Written for Ricochet Media
A national day of action in protest against the disappearance and massacre of 43 education students in Mexico occurred on Wednesday, Oct. 8. The national teachers’ union made the call to protest, which was answered in 59 cities in Mexico and included a silent march organized by the Zapatistas in San Cristóbal de las Casas. Protests occurred all over the world, including Canada.
The college students from the Mexican community of Ayotzinapa in the state of Guerrero, 43 of whom were disappeared from a bus on Sept. 26, were studying to be teachers and protesting the starvation of the public system they were planning to work in. The bus was ambushed by police, probably on orders from officials in the nearby city of Iguala, Guerrero, from the director of Seguridad Publica (Public Security), Francisco Salgado Valladeres, and the mayor, José Luis Abarca. Both of these men are currently on the run. Six people were killed in the ambush, among them people on an unrelated bus, which was mistaken for a bus with student protesters and was actually carrying a soccer team.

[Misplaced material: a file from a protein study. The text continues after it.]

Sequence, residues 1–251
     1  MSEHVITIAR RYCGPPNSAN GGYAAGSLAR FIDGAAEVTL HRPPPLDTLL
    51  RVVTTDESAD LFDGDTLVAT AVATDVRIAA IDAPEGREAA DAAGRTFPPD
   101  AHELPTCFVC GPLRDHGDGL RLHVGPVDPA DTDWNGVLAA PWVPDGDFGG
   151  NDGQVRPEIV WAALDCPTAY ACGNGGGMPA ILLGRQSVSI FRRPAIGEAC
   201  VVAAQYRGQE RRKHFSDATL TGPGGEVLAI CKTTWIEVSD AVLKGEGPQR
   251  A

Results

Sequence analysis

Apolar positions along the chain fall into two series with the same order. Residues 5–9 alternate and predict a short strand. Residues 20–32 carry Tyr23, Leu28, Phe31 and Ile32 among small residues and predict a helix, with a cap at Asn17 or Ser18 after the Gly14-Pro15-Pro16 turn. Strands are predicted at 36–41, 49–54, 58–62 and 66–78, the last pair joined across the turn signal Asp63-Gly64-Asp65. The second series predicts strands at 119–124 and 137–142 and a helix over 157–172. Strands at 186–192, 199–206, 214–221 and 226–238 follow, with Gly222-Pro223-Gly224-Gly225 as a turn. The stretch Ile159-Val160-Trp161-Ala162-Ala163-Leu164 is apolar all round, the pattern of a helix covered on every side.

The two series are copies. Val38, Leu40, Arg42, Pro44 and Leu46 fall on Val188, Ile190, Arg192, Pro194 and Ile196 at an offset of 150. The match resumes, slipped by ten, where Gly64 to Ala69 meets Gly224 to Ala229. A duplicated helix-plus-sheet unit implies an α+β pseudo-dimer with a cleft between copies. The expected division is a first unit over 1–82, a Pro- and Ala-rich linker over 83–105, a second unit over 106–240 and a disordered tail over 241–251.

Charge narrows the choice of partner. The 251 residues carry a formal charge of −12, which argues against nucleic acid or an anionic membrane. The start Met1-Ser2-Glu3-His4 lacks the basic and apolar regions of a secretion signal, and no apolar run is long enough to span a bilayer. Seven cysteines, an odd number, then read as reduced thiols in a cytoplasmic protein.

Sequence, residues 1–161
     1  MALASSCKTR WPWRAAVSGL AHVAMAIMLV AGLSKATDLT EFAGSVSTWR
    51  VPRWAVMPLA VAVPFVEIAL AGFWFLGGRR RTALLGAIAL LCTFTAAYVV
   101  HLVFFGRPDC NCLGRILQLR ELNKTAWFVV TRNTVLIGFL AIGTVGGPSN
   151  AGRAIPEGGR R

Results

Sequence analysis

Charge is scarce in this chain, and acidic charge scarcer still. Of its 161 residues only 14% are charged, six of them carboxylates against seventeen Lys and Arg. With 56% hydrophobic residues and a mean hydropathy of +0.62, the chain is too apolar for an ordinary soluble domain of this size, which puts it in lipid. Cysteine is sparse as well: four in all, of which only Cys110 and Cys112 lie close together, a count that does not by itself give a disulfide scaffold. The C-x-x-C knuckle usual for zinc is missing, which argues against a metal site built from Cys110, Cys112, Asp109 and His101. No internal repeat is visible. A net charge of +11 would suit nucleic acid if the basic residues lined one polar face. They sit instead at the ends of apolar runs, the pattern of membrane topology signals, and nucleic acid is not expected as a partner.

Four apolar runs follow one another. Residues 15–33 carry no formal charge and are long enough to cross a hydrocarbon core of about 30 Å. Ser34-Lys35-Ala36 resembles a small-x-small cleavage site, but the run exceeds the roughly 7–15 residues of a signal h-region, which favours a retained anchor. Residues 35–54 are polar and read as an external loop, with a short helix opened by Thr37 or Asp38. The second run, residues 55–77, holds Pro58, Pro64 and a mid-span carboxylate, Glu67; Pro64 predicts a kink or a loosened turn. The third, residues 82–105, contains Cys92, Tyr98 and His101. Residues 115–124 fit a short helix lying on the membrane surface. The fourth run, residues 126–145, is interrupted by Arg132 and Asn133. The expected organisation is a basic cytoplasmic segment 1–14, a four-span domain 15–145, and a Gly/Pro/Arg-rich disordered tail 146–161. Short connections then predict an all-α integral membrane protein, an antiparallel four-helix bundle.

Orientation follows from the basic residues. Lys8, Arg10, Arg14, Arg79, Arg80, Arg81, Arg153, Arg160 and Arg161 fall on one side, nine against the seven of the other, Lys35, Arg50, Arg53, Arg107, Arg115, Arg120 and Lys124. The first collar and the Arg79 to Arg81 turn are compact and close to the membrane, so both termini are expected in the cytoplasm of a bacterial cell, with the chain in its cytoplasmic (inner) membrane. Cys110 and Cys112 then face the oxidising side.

An unknown number of bodies, 34 at last count, almost certainly belonging to these students, were unearthed in a mass grave in Iguala. The bodies had signs of torture and were probably burned alive.
Randal Archibold, writing in the New York Times, put forward the theory that the police were a part of a gang, or passed the kidnapped students on to a gang, which was strange because the students “were not known to have criminal ties.”
Canadian journalist and author Dawn Paley, currently studying in Mexico, writes, “The killers in Iguala were not drug gangs. They were cops and paramilitaries. Paramilitaries are non-state armed groups who work with state forces. There can be no clearer example of the horrors of state and paramilitary violence than what has happened to these students.” This massacre, Paley notes, is far from the only mass grave in Mexico. The New York Times report went so far as to say the country was “accustomed to mass killings.”
the key context for these killings is the use of state violence, up to mass murder, to manage social protest and to dismantle the public sphere